Q&A with Aaron Robinson, Director, Custom Content at The Wall Street Journal

Aaron-Robinson
Aaron leads the development of innovative cross-platform solutions and engaging, influential content for the global blue-chip client base at the Wall Street Journal having previously been part of the strategic mar-keting and client solutions teams at both Bloomberg Media and The Economist.

Q: Why is now a relevant time to be launching these awards?
Aaron: Content creation is proving to be a powerful tool for brands to deliver deeper engagement with consumers and global publishers are really starting to push the boundaries of how great stories can be told via content. There has never been a better time to highlight the best in content creation worldwide and showcase the ways in which brands publishers and agencies can unite to tell original stories that resonate with readers.

Q: What is different about these awards?
Aaron: The World Media Awards have been launched specifically to celebrate the best in international, cross-platform, content-driven campaigns.

Q: What does good native content look like?
Aaron: Great native campaigns leverage powerful content with the trust of a publishers’ audience. There must be a genuine connection between the two brands and the campaign must be executed in a way that is not seen to deceive the user. The best campaigns are those that have been both timely as well as delivered real substance that the audience can use. Above all ‘native’ must feel like it’s delivered in the voice of the platform it appears on.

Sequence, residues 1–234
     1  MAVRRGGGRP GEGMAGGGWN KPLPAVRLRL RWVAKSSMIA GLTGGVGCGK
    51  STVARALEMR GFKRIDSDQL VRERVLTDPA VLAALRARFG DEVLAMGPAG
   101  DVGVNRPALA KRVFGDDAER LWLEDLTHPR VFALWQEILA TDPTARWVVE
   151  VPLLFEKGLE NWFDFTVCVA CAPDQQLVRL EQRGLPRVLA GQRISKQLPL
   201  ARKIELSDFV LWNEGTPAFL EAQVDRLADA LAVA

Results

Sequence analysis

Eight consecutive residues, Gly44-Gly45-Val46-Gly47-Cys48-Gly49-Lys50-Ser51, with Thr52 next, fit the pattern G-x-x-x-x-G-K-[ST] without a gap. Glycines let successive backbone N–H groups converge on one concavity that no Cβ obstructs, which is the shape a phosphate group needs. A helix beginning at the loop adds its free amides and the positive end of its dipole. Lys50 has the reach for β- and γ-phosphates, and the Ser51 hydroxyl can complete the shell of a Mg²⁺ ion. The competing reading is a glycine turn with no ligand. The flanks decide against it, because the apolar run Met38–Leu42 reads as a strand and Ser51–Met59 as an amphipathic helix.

Q: Why should brands use native content – what is it best suited to achieve?
Aaron: Content is a powerful tool for brands to deliver more than just product messaging. Content can allow the brand to own certain stories or themes and profit from that association. It also gives access to loyal audiences within trusted editorial environments. It has great potential to extend reach and deliver high levels of engagement that traditional advertisements sometimes cannot.

Q: Why are consumers embracing branded content?
Aaron: Done well, branded content can provide useful and insightful content that adds real value to the audience but the key word here is relevance. The piece must apply to the audience in question or it could be overlooked by the user – which is why the right partnerships between brands and publishers can be so powerful.

Q: What should clients look for in a native advertising/branded content proposal? And what should they look for in the team who will be delivering it?
Aaron: The most important aspect of any proposal is always the idea – the concept, hook or story you are trying to tell. The pitch needs to show how the publisher can help you tell the stories that matter to your specific audience, why it’s a unique and effective idea, and above all directly addresses both the business and communication goals of the client and helps solve their challenges. It’s also all too easy to overcomplicate things and throw the kitchen sink at briefs. Most times, the simpler the idea, the more impact it will have.

Q: How do you measure the impact of content-driven communications?
Aaron: Marketers are bombarded with a huge number of metrics they could use to measure campaign effectiveness, but the important thing here is that before you can assess how effective you have been, you need to be clear on what you are trying to achieve. And these objectives need to be smart, measurable and achievable. You can then use reach, engagement or conversion metrics based on these. I think the movement towards using engagement (dwell, interactions etc) over just pageviews and clickthroughs makes a lot of sense. Quality over quantity.

See more interviews / Judges’ views on what makes great, content-led, international advertising.

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